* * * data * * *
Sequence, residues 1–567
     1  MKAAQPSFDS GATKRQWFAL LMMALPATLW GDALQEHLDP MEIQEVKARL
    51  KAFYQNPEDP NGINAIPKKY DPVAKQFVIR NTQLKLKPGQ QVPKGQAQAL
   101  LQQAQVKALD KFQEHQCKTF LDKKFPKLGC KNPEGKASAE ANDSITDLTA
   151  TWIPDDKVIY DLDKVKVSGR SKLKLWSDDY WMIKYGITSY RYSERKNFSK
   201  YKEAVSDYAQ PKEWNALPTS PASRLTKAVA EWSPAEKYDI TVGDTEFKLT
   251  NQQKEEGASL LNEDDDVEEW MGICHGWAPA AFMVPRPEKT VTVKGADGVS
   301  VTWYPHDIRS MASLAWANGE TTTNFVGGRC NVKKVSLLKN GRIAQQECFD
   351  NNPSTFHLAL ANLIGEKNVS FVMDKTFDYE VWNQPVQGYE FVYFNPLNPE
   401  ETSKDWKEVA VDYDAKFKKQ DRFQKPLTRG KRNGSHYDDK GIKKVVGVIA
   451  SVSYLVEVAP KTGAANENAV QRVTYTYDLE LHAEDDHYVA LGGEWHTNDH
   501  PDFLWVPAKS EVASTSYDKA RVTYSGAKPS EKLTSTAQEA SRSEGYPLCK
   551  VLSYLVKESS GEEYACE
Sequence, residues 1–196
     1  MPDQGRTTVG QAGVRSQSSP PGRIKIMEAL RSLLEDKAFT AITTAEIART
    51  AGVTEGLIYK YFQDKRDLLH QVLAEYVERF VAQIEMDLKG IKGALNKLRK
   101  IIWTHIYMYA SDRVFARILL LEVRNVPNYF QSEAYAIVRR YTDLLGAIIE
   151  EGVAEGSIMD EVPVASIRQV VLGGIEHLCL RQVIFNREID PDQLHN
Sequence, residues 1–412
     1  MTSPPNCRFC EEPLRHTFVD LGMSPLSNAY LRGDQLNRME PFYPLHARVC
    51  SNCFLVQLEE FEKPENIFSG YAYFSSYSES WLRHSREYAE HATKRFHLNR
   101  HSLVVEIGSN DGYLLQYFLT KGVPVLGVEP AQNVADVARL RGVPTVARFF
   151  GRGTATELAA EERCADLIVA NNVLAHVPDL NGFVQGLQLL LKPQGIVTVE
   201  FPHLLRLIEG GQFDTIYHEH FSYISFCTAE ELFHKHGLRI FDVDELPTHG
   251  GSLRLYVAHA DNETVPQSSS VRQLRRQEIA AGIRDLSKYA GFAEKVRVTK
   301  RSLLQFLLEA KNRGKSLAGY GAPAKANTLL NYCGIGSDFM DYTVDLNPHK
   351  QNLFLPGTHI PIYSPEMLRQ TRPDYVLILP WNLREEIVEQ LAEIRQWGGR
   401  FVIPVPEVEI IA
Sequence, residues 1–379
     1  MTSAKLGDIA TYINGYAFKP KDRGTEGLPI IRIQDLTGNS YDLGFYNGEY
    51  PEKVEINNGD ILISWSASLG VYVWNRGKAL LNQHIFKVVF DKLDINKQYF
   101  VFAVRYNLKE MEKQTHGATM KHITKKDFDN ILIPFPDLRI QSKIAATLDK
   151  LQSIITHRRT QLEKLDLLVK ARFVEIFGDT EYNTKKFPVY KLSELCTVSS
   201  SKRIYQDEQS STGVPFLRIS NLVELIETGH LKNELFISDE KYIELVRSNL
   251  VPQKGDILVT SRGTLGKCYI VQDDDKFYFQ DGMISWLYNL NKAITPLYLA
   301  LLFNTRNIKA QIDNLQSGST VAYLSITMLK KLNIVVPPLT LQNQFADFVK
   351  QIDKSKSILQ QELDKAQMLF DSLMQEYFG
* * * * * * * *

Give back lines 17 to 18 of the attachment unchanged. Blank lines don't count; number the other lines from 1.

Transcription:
   101  IIWTHIYMYA SDRVFARILL LEVRNVPNYF QSEAYAIVRR YTDLLGAIIE
   151  EGVAEGSIMD EVPVASIRQV VLGGIEHLCL RQVIFNREID PDQLHN